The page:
The algorithms that help AI systems solve scheduling problems, recognise speech or understand financial market conditions for example, are now based on approaches such as ‘deep learning’ that collect and use huge amounts of data to build more and more sophisticated representations of a problem. One such problem might be how to identify people’s faces in images: The more images that are processed the deeper the learning, until the AI-based face recognition system that Facebook uses is almost 100% accurate.

Another example, of many, comes from home security company Cocoon ( Its system uses the usual motion sensors and cameras in home security setups, but also analyses sounds.

Every house has a unique sound fingerprint – pets running around, the central heating going on and off – and deep learning software can raise the alarm when the fingerprint changes in ways that it has learned suggest your house is being broken into (opening doors or smashing glass) and ignoring others.

Take Apple’s Siri: It is getting more intelligent as its algorithms learn about people’s searches; or Google’s DeepMind, which is using ‘neural networks’ that mimic how the human brain works to solve problems with uncertain outcomes or inadequate knowledge – such as how to plan radiotherapy treatment for hard to treat cancers. The results are as good as, and in some case better than, humans can achieve, and can help doctors make better treatment decisions.

In finance, companies like Sybenetix are using AI to help compliance officers detect and investigate suspicious trading patterns; uses AI to help banks improve risk controls and maintain sufficient capital so they do not become unprofitable due to regulatory implementation costs.

There are many other examples of AI in finance: robo-trading, robo-advisors, and the fintech company Kensho (, whose AI system can take questions like: “What happens to car firms’ share prices if oil drops by $5 a barrel?” and retrieve financial reports, company filings, historical market data and return a reply to the question.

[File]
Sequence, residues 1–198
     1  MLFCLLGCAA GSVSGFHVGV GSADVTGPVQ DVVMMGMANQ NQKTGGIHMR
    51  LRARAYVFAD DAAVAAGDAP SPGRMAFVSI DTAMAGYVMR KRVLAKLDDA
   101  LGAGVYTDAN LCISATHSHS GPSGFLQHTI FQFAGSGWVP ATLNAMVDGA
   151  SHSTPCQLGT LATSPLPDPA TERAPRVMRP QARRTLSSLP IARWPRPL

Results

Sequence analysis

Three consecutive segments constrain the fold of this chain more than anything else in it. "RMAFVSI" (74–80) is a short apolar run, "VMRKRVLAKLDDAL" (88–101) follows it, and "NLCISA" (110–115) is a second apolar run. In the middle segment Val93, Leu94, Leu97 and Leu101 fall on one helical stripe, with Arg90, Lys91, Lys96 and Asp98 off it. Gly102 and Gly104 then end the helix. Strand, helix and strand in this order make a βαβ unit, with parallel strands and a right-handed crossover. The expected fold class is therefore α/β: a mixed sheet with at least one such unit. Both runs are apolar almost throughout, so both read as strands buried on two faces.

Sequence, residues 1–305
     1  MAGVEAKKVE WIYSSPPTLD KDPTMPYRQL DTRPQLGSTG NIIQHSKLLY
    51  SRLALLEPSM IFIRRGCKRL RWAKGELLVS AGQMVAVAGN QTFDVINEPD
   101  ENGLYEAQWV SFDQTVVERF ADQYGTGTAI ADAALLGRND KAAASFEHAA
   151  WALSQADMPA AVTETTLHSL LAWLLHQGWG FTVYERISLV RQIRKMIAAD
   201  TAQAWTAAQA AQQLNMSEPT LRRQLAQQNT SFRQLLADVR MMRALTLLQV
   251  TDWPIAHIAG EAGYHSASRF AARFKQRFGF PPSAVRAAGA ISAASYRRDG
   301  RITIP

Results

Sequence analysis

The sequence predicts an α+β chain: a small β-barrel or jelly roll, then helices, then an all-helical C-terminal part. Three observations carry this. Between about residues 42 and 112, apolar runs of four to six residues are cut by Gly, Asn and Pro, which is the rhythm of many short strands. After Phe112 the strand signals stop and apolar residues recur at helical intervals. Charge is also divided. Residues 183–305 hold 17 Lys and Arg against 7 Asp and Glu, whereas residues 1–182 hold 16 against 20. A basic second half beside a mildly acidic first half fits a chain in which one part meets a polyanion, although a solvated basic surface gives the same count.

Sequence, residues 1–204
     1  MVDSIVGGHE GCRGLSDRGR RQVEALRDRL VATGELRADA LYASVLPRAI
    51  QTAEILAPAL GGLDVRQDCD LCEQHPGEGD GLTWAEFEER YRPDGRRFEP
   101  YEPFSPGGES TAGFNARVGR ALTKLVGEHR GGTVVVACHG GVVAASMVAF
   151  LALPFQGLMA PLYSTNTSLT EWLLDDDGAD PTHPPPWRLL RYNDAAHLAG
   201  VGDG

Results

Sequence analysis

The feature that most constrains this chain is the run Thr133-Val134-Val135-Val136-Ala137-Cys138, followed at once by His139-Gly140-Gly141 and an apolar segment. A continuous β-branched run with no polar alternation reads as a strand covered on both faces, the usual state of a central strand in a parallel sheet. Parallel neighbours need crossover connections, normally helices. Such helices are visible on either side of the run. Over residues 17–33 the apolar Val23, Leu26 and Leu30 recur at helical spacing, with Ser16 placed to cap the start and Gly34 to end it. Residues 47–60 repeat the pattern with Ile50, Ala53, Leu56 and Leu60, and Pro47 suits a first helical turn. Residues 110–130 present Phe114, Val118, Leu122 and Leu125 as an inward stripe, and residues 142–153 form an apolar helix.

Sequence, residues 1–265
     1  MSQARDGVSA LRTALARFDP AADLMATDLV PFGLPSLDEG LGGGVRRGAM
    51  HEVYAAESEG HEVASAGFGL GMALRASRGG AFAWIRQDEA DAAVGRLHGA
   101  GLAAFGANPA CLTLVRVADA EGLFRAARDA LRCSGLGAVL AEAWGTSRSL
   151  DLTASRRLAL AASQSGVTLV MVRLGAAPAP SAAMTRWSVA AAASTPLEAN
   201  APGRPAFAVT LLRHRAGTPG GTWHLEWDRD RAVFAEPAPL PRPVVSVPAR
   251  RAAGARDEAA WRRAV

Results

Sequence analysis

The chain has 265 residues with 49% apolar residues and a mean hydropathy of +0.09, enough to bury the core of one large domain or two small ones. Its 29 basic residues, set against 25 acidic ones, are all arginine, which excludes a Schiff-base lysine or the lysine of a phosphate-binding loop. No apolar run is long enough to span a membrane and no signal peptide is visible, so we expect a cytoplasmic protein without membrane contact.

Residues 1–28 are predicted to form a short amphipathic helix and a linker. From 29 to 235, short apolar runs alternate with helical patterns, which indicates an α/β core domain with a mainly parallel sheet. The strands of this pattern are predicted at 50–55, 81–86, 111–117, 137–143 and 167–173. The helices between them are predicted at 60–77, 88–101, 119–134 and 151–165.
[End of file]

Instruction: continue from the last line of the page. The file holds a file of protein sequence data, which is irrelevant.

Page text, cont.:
AI harnesses the power of Big Data and uses smart algorithms to do something useful with it. It can take the human work out of mundane, repetitive tasks or automate them so only a few require human intervention. Law firms are investing in AI to automate simple the tasks undertaken by lawyers leaving them to focus on higher-value work, and AI is being used to make investment decisions – BlackRock, Bridgewater and Schroders are all investing in AI that can outperform human financial decision-making.

What impact will it have?

In finance, AI is one of the technologies to watch in the next decade. As a result, regulators are struggling to ensure market integrity as less-sophisticated firms try to compete against those employing AI.

We can expect to see customer expectations change to a point where AI-based systems are trusted more than human ones, and interaction with AI systems are preferred over human interaction.

Companies that do not invest – or at least include – AI in their strategic vision and technology roadmaps will start to lag and they will find themselves struggling in a market against fintechs that are based on AI.

For leasing and asset finance – not an industry known for being at the forefront of technology – companies will need to learn about what AI can bring and build this into their products and processes.